When Marcus came to the United States from Brazil, he was 2 years old. His father was hired by an internationally known company which any American teenager would readily recognize, and his family had the opportunity to live and work in the United States. During the years in which his father was employed in the United States, Marcus led a normal life growing up and attending school with the hopes of being a professional baseball player.
Unfortunately, all of this changed when he received a college baseball scholarship. After visiting the college and completing his application, he was notified he could not attend college or accept the scholarship without a social security number. It was then he learned his parents had simply never told him he was not in the United States legally.Due to legislation recently filed in both houses of Congress, Marcus may now be able to remain in the United States, and even realize his personal goal of being a baseball player. The DREAM Act, introduced by Senators Richard Durbin of Illinois and Richard Lugar of Indiana, and Representatives Howard Berman of California, Lincoln Diaz-Balart of Florida and Lucille Roybal-Allard of California provides undocumented young people with a path to citizenship. Eligibility requires two years in higher education or military service and a demonstration of good moral character. Ultimately, citizenship may be attained.
In the Senate, the act (S. 729) known as the Development, Relief, and Education for Alien Minors Act, was introduced on March 26, 2009, The House version, called the American Dream Act (H.R. 1751) was introduced the same day. Both acts attempt to provide relief to help those who came to the U.S. at age 15 years or younger and were in the U.S. at least five years before the date of the bill’s enactment. Conditional permanent residence would be granted upon acceptance to college, graduation from a U.S. high school, or being awarded a GED. This status would be for a limited period of time, and at the end of this period, lawful permanent residence would be granted if one has served in the U.S. armed forces for at least two years, or graduated from a two-year college or certain vocational colleges, or studied for at least two years toward a B.A. or higher degree.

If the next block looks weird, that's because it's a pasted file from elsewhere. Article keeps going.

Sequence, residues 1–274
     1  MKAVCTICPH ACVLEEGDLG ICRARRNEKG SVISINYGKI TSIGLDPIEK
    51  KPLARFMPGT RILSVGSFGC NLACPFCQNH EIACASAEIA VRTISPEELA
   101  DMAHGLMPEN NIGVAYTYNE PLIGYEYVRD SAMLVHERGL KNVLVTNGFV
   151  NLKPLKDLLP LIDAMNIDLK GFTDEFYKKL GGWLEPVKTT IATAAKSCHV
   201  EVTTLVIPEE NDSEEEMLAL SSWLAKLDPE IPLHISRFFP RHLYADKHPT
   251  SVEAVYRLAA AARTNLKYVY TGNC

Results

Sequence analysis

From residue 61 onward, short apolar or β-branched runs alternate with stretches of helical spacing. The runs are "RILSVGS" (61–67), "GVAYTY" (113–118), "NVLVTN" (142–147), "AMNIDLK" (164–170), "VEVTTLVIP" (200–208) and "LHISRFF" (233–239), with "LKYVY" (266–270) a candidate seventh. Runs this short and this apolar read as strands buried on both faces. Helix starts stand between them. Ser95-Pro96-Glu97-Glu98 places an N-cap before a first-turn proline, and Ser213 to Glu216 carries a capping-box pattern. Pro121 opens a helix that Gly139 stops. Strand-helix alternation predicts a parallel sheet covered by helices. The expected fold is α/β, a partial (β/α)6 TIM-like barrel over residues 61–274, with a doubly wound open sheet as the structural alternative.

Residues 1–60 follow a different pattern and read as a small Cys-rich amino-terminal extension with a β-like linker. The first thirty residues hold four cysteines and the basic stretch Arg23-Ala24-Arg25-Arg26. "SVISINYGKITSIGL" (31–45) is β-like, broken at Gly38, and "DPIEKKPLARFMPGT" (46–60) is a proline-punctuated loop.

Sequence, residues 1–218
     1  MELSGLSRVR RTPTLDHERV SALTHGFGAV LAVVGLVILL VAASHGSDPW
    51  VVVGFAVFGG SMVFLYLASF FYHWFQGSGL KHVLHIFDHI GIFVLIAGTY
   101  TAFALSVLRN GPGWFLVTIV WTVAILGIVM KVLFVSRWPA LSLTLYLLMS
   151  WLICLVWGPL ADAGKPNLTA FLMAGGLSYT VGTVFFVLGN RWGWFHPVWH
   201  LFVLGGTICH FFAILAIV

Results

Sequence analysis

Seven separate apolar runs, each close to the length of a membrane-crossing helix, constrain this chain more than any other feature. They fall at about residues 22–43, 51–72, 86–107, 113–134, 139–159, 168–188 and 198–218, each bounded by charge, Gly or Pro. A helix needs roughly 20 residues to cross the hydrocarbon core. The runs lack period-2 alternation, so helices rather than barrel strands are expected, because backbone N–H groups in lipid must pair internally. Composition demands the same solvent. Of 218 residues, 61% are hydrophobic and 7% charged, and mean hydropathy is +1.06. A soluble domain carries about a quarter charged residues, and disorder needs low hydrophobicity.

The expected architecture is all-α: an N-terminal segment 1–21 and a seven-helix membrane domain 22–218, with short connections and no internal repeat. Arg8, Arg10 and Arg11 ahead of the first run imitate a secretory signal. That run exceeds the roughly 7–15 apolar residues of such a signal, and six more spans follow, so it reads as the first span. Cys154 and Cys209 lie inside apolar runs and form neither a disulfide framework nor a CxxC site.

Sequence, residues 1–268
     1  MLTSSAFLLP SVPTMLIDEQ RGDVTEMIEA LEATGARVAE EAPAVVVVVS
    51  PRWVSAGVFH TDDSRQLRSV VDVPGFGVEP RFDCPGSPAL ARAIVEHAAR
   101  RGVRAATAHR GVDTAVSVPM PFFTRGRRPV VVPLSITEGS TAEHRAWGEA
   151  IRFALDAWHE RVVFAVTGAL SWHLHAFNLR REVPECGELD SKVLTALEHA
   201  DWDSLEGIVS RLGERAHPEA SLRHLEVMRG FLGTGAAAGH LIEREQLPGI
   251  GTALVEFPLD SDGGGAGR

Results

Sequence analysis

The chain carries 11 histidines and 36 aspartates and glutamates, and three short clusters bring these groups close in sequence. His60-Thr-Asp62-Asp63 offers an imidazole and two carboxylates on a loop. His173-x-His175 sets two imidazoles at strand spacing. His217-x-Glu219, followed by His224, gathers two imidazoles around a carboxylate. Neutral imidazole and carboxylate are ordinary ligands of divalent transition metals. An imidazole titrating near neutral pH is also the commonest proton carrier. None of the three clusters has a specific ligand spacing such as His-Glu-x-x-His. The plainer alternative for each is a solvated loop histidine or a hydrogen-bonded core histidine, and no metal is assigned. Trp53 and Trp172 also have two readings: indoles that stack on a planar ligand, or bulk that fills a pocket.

Conditional residency is for six years, but extendable upon showing good cause. In some cases, the U.S. Department of Homeland Security could waive the requirements altogether for compelling reasons, and if removal of the student would result in exceptional and extremely unusual hardship to the student or the student’s spouse, parent or child.
The intent of the Act has merit. Most people would be in favor of a program to help young people go to school, or to have an experience or even a career in the military. But there are problems with the legislation as well, beginning with the fact that no matter how much empathy we as a nation have for young people who, through no fault of their own, were brought to America illegally,the fact is that providing benefits to any illegal immigrant has to be reconciled in some way with a basic principle of our republic, and that is we are a nation of laws and not of men. Just because Congress has the ability to pass this legislation, does not mean it will be accepted in the hearts and minds of the American public. Senators and Representatives need to explain how this law comports with the Rule of Law. What is it about this legislation that will make Americans believe it is the right thing to do?
At the same time, we have to recognize the reason this legislation is necessary. Basically, parents of these children made a decision for whatever reason, to live in the United States without regard to the immigration laws of the United States. Justification can be found for those who are literally refugees from persecution in their home countries for political, religious or social reasons. But it is a stretch to say that immigration benefits should be provided to the children of those who came to the U.S. to improve their economic condition. That is why I think Adey Fisseha, interim federal policy director of NILC misses the mark when she says, “To be competitive in today’s global economy, American depends on an educated and skilled population.” And, “The DREAM Act realizes the benefit of having a more multicultural, multilingual U.S. workforce.” The justification for the DREAM Act should not be based on economics, although that is an easy argument to make in this economic environment. Instead, we need to recognize that the “cat is out of the bag” with immigration. We have immigration laws which have not been enforced over the years and as a result, we now find ourselves looking for a way to deal with the parents who made the decision to be here illegally, leaving innocent children in a tragic situation.
Once we come to the point where we realize that our nation has allowed the problem to happen, I believe we are compelled to support the DREAM Act from a humanitarian view. I work with someone who frequently says, “It is not a perfect world.” This is not a perfect law, but it addresses a real problem and over the long run, it can have a positive impact on the lives of thousands of young people and our society as a whole.